One insight that seems philosophical, but is actually founded by Computer Science, is: simulating a sufficiently complex physical process is likely to take as many computational steps as the process itself. What this means is: I don’t think it will be possible, within our limited universe, to accurately simulate another universe at the same scale of ours. However, if we manage to advance computational power, through Moore’s Law or otherwise, it might reasonably be possible to accurately simulate single people or smaller communities of people and study their interactions. The Human Brain Project, for example, is trying exactly that: to simulate a human brain on the neuron level. They are trying this even though we haven’t exactly figured out what exactly is happening at the neuron level. However, it's plausible to imagine that the successor of the successor of the Human Brain Project will manage to significantly improve this understanding. When that happens, we'll have to spend some thought on to what extent such a simulated brain can be considered a sentient organism of its own and how it might perceive pain and suffering.
Going from simulated brains to simulated universes — does the simulation of an organism or part of an organism differ from the simulation of all of physical reality?
I don’t know that for sure, of course. But my speculation is that conscience and thought activity are created when something sufficiently complex and adhering to the correct rules is simulated. For that to happen, you might not even have to descend to the physical level of quarks and quantum chromodynamics. A much simpler model, containing for example quantum information theory, could suffice. Actually, Penrose even speculates1 that quantum effects are a necessary precondition to achieve conscience; this would mean that only quantum computers will allow us to accurately simulate a level of thought activity that we would describe as sentient.
Scientists in Washington and Bonn have investigated2 how well a simulation of our universe at a physical level could work, no matter what kind of computer they use. In particular, they looked for numerical inaccuracies that would look like the “Glitches in the Matrix” for skeptics to find to detect the simulation. Sadly, they came to the conclusion that it’s likely easier to “fix” the simulation from the outside than for us, on the inside, could detect such glitches. Does that mean that we don’t even stand a chance to prove that we don’t live in a simulation?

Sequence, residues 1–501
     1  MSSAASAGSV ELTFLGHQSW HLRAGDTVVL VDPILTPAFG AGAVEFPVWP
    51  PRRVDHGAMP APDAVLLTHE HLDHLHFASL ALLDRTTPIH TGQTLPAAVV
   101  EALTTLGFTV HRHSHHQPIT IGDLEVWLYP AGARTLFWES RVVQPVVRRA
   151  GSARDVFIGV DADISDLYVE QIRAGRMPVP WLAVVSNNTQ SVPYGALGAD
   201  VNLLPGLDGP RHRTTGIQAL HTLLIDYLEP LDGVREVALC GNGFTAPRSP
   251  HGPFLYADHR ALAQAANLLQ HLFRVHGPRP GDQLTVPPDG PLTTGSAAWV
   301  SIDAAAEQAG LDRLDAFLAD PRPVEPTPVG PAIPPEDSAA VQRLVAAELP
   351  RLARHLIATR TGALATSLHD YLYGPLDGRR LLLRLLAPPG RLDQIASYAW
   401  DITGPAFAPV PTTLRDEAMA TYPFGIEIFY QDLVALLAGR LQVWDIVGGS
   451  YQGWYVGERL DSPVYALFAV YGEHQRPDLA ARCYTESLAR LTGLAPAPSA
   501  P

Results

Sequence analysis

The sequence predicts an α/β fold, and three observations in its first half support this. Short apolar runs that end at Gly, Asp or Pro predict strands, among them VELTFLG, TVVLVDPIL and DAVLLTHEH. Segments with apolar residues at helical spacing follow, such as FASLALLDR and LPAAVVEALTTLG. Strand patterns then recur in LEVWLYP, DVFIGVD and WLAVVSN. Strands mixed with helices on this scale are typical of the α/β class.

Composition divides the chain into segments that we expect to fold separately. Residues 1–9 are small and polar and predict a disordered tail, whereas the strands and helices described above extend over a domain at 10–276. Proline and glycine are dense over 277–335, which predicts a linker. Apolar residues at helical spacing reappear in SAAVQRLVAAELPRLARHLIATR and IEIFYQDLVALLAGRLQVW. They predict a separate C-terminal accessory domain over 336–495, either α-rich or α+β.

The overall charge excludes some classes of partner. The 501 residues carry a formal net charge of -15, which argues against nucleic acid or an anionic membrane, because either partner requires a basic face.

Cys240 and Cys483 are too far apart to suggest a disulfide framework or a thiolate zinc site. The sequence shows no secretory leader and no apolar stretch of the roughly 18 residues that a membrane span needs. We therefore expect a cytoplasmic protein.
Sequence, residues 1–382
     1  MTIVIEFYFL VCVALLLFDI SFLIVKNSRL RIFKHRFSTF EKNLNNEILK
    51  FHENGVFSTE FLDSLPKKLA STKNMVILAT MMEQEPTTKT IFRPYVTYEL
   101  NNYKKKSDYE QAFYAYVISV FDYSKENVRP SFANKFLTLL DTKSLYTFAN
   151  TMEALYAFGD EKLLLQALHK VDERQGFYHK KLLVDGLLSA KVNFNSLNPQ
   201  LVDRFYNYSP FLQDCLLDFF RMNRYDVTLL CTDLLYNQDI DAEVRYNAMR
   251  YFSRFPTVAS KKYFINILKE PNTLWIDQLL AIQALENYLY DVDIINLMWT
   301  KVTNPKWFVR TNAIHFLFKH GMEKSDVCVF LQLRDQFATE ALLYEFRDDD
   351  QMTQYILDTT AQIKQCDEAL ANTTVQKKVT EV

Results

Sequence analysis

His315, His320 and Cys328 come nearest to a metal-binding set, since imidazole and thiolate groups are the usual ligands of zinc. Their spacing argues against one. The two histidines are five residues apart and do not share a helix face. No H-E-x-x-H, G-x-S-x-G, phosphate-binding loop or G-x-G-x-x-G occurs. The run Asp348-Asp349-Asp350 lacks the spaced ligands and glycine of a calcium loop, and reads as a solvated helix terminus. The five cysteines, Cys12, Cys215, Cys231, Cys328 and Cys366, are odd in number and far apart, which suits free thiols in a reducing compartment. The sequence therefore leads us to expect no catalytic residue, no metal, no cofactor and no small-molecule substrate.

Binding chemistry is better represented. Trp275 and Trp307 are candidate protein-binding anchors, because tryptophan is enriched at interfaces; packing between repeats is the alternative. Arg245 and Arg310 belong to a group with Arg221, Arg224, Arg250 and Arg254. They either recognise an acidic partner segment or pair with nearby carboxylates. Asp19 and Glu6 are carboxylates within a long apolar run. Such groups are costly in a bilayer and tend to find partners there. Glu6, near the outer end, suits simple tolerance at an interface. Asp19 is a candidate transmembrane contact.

If these glitches are very rare, we would likely always interpret them as measurement errors. Since our priors are biased against a simulation, we would believe a hypothesis like this only if we had enormous amounts of reproducible data from a controlled lab setting. Therefore, the only possibility for us to find out that we live in a simulation might be that the ones who are simulating us consider us mature enough to actually tell us directly.
What kind of advice would you give to the creators of our simulation? What should be the goalpost of their work?
I think that the world right now has too much suffering and pain for humans. If this is really a simulation, I would question whether that is really necessary, or if it can be avoided. On the other hand, I'd take this as an indicator that our world is not a cruel simulation, but a harsh reality that we'll have to work on ourselves to make it a better place.
“Reply to criticism of the ‘Orch OR qubit’ – ‘Orchestrated objective reduction’ is scientifically justified”. Stuart Hameroff and Roger Penrose. Physics of Life Reviews (Elsevier) 11 (1): pp. 94–100, 2013. Available online. ↩